Team work

Request for the application form can be made to

Submit the application form to OSCE/ODIHR by 24 August 2020

Mental Health & Human Trafficking

Digital series by Humans for Humans

We would like to invite you to our digital series designed for professionals working with
human trafficking survivors or fighting against this crime.
We invited several global professionals to provide a free class, webinar or lecture about
different topics related to mental health and human trafficking, to help understand the
struggles faced by the survivors and how to support them overcoming it.

Our first speaker is Silvia Gurrola Bonilla, who will show us how to become
acquainted with the benefits of expressive writing as a practical coping method to
deal with trauma caused by sexual abuse and sex.

This webinar is FREE of charge and online via Zoom.

Humans for Humans is a non-profit organization, based in Norway, which provides a free mental health support for humans trafficking survivors and professionals who work with them.

Are you really including me?

By Katarina Felicia Lundgren

I think long term support and rehabilitation and social inclusion are key components for survivors, and of course functioning legal systems and proper education for “helpers” (meaning all people who work with people). As a child, teenager and young woman trying to get out of a severely abusive environment, no one ever came up with asking if something had happened to me, still it was very easy to see that I struggled. All fault of how I behaved was placed on me. Growing older – I kept on getting diagnoses, being locked up in hospitals etc. Nowadays I think at least mental health care professionals are a bit more trauma informed, but they still lack knowledge and interest – I dare say – to educate themselves on the consequences of severe sexual exploitation and abuse. When I have been talking to mental health care professionals in recent years, in the region I live in, they think I am an anomaly. Statistics says something else, but I see it as yet another way to not take responsibility for providing long term sustainable help and support.

I do agree with Malaika and what she said on the online seminar, telling your story is not enough. It only makes you feel more alone – as it will make people turn away. Once you have started to tell it – you see how they start to divert their eye contact. They can’t bear to look at you. It is very easy to take such behaviors personal. It strengthens the feeling of being bad, not good enough, dirty etc. So if you want to belong, you cannot tell about your past, but neither about your daily struggles. Then the idea of asking for help – seems far away. I have asked for help, repeatedly, and been turned away. Recently I have been told at a university hospital in Sweden that there is no evidence-based treatment or support to give to me (and I did ask for very little…). It would have been easier to speak up with someone having my back.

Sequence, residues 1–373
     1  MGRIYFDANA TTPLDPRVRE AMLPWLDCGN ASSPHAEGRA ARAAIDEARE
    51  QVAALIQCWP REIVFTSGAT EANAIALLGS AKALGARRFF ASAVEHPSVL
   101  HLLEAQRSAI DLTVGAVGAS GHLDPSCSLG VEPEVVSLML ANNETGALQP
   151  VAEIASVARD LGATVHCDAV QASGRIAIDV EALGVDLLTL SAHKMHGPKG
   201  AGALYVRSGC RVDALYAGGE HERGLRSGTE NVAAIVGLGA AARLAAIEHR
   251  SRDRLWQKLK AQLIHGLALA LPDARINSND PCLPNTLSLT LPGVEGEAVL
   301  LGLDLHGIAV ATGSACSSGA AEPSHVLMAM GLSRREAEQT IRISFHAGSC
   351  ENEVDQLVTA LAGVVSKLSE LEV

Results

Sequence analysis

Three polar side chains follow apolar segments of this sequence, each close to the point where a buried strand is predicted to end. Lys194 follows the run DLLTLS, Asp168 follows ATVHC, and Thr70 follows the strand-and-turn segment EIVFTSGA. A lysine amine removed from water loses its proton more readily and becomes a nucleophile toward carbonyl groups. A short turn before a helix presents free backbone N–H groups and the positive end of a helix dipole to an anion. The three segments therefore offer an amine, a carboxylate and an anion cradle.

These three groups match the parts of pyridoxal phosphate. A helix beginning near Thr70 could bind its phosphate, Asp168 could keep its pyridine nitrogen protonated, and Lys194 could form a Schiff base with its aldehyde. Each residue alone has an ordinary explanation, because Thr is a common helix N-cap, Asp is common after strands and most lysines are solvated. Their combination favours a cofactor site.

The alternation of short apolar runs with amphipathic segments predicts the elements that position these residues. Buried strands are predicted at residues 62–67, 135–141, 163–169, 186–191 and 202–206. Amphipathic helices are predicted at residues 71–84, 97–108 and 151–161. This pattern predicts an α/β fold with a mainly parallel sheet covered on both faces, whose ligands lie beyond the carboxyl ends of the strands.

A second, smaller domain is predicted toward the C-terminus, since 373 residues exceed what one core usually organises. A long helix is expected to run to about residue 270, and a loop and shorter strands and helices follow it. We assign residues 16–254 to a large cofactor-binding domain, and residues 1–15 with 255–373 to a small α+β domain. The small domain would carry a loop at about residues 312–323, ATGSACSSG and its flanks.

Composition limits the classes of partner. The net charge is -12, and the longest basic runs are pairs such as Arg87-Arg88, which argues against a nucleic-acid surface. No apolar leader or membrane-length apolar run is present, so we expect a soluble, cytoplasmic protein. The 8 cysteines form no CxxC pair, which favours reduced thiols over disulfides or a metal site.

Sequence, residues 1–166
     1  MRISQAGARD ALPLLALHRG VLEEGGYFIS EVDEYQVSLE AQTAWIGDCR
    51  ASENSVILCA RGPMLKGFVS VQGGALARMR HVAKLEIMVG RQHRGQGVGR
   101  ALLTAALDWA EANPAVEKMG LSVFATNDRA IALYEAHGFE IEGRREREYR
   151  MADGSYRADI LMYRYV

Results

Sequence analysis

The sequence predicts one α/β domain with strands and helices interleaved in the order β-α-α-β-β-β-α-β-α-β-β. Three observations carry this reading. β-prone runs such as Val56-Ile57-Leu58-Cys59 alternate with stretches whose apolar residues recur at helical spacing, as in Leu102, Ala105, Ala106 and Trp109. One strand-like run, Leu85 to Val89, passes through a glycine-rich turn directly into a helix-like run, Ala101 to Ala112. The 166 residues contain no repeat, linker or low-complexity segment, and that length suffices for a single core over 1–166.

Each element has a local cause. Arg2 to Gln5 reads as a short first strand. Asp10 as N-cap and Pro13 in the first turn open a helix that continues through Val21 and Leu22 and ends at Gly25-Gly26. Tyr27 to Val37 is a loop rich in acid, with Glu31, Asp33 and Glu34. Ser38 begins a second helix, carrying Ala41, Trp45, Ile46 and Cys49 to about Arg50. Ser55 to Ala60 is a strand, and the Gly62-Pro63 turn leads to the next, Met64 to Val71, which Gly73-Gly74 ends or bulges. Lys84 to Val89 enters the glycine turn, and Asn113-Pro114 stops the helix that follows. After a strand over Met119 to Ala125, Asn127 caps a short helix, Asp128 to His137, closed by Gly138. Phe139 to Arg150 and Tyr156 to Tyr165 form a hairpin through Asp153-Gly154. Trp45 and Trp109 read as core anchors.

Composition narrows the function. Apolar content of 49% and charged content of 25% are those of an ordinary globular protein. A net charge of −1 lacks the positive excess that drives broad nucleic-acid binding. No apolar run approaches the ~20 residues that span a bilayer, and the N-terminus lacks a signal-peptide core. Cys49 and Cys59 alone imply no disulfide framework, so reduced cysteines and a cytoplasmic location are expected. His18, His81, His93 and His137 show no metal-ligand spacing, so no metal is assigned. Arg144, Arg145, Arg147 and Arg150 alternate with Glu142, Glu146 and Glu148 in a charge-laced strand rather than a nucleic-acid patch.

So the pattern of not “fitting in” gets strengthened and confirmed. The feeling of getting rejected gets strengthened and confirmed – you are on your own. Which makes many bells ring in you…

I have looked for trauma therapists, peer support groups, advocacy platforms, organizations, places where I can be included – but not found any. I have also offered to help out – to help with education, advocacy, support to other survivors of sexual exploitation – but nobody wants my help. Which for sure has strengthened my view on myself as “broken”.

Still – I am highly functional in society. I am well-adapted… but I lack the feeling of inclusion and of long-term support – I have always envied – which seems strange – the soldiers with their comradery and peer-based support groups, in US – and in other countries – they have strong organizations behind them, which supports research, help organize veterans helping veterans etc. – these organizations have money, and a voice. But survivors of sexual exploitation, especially children – they do not have these organizations that has their backs (to some extent at least – I know that many veterans struggle to get the right help as well and suicide rates are high among soldiers with PTSD too). Victims of sexual exploitation are made invisible – and since much of what we have gone through – at least if I speak for myself – has made me fear being seen – so how do you break your own invisibility? How do you find the courage to use your voice? To speak up? – if you keep on getting rejected when you try to do that?